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Burr, Foxx Demand Accountability from Department of Education on Facebook Student Data Privacy Leak

Members: “The importance of protecting students’ information cannot be understated.”

Today, Senator Richard Burr (R-NC), Ranking Member of the Senate Committee on Health, Education, Labor and Pensions (HELP), and Representative Virginia Foxx (NC-05), Ranking Member of the House Committee on Education and Labor, sent a letter to Department of Education Secretary Miguel Cardona demanding accountability on the recently reported privacy violations of prospective college students across the country.

On April 28, 2022, it was reported the Department of Education used Facebook’s “Meta Pixel” analytical code to collect data from individuals, including names, phone numbers, email addresses, and zip codes, from individuals applying for the Free Application for Student Aid (FAFSA) and later sharing that information with Facebook. In their letter, Senator Burr and Representative Foxx criticized the Administration for their unwillingness to be transparent on its failures to protect student data privacy.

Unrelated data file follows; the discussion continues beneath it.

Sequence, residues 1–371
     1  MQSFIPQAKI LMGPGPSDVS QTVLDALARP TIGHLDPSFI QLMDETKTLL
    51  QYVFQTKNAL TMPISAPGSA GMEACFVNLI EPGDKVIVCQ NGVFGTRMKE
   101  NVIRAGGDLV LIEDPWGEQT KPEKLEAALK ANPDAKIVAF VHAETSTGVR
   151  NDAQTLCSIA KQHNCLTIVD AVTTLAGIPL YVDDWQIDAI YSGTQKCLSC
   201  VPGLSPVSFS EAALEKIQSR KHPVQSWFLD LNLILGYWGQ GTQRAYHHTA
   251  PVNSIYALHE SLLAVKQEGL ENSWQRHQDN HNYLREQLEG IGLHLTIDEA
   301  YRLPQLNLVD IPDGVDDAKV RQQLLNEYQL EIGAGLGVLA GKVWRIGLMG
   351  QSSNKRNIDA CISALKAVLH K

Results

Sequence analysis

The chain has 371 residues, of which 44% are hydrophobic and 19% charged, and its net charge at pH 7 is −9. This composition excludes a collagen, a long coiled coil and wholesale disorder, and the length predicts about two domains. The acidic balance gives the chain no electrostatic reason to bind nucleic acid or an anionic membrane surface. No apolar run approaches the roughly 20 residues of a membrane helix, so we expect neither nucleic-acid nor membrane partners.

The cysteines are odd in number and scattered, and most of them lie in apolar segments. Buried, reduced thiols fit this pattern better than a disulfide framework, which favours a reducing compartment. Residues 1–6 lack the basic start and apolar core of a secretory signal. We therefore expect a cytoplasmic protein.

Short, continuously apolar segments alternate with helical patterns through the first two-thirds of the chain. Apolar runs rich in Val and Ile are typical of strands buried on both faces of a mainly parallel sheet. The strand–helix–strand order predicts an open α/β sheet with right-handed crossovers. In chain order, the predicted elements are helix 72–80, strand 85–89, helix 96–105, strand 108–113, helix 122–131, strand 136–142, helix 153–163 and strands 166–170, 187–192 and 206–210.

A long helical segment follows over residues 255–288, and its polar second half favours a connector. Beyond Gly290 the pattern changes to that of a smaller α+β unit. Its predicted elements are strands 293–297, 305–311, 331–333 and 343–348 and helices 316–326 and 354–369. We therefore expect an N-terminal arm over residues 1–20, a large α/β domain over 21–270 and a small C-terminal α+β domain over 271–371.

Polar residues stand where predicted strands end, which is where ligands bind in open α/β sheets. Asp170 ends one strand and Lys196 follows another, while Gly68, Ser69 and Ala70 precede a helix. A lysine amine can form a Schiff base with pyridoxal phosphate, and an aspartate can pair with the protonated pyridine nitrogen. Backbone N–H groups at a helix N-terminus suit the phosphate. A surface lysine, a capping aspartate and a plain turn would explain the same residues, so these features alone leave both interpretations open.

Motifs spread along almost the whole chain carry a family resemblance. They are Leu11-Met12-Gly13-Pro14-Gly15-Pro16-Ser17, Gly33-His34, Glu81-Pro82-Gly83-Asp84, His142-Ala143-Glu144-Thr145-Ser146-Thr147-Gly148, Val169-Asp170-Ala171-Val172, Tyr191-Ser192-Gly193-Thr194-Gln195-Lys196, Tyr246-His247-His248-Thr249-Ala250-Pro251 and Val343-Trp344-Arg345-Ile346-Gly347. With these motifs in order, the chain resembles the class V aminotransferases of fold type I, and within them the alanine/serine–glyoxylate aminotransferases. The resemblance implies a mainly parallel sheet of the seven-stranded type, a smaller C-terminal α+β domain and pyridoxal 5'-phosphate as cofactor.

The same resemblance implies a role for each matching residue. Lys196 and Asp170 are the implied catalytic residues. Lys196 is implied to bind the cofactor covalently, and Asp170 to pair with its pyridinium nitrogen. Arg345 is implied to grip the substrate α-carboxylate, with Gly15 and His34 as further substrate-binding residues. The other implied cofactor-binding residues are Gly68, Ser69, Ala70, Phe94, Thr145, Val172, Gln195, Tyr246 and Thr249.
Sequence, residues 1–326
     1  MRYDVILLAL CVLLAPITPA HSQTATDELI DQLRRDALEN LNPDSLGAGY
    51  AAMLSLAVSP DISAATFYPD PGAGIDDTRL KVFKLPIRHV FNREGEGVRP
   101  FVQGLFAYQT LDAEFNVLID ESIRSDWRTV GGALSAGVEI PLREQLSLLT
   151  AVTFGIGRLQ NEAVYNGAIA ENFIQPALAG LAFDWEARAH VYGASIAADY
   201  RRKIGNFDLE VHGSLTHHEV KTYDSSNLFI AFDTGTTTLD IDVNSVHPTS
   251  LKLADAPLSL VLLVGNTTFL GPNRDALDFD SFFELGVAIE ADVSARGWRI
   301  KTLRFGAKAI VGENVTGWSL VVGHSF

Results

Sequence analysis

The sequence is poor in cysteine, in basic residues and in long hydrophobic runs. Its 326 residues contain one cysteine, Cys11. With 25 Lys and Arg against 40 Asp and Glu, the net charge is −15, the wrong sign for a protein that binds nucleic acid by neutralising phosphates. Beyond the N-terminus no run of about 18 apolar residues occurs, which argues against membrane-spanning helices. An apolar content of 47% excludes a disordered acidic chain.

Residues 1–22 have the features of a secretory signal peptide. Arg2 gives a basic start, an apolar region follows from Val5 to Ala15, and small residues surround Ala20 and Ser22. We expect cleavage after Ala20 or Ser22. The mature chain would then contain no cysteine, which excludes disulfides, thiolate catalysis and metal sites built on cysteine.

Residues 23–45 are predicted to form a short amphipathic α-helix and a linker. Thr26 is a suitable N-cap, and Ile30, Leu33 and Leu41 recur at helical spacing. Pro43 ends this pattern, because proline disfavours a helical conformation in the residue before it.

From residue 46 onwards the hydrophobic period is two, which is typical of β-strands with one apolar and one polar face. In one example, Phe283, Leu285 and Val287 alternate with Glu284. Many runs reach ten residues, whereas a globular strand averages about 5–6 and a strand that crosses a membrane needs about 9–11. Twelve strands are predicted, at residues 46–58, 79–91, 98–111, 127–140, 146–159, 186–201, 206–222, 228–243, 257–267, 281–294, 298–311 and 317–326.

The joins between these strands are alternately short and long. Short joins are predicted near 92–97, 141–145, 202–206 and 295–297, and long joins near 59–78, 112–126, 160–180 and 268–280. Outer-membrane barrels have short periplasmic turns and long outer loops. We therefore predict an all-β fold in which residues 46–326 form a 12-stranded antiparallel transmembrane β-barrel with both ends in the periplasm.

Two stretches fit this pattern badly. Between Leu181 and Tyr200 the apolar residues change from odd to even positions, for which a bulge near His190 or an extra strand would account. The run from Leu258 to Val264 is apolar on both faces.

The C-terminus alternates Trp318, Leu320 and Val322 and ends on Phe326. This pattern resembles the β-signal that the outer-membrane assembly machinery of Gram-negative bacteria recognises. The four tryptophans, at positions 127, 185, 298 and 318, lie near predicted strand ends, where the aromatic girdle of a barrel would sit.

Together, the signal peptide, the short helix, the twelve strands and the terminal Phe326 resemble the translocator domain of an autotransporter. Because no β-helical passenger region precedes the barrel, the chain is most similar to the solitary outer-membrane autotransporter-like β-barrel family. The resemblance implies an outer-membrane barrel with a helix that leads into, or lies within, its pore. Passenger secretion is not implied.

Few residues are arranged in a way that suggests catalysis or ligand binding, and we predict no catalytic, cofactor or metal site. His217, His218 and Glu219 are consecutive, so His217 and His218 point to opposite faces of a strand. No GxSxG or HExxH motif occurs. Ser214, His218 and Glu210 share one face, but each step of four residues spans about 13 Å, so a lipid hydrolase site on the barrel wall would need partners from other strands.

“Once again, the Biden administration is attempting to evade Congressional oversight while it willfully violates the privacy of millions of students around the country,” the members write.

“The importance of protecting student’s information cannot be understated. To ensure student data privacy, our offices requested a briefing with the Department to better understand the extent of the information given to Facebook and what was being done to remedy the situation. That request has been denied. It wasn’t until the story was published by The Markup that the code was turned off and Federal Student Aid Chief Operating Officer, Richard Cordray, stated that this information was ‘inadvertently’ shared after FSA engaged in an advertising campaign.  However, the article notes that the existence of the Pixel code predates that advertising campaign, thereby leading us to believe your staff is either obfuscating the truth or completely disregarding its responsibility to protect personal information.”

“It is essential that you cooperate with Congressional oversight on this issue,” the members concluded. “The Department’s continued failure to be transparent harms FAFSA applicants and their trust in our institutions. It also harms Congress’ ability to trust you and your agency.”

To read the full letter, click here.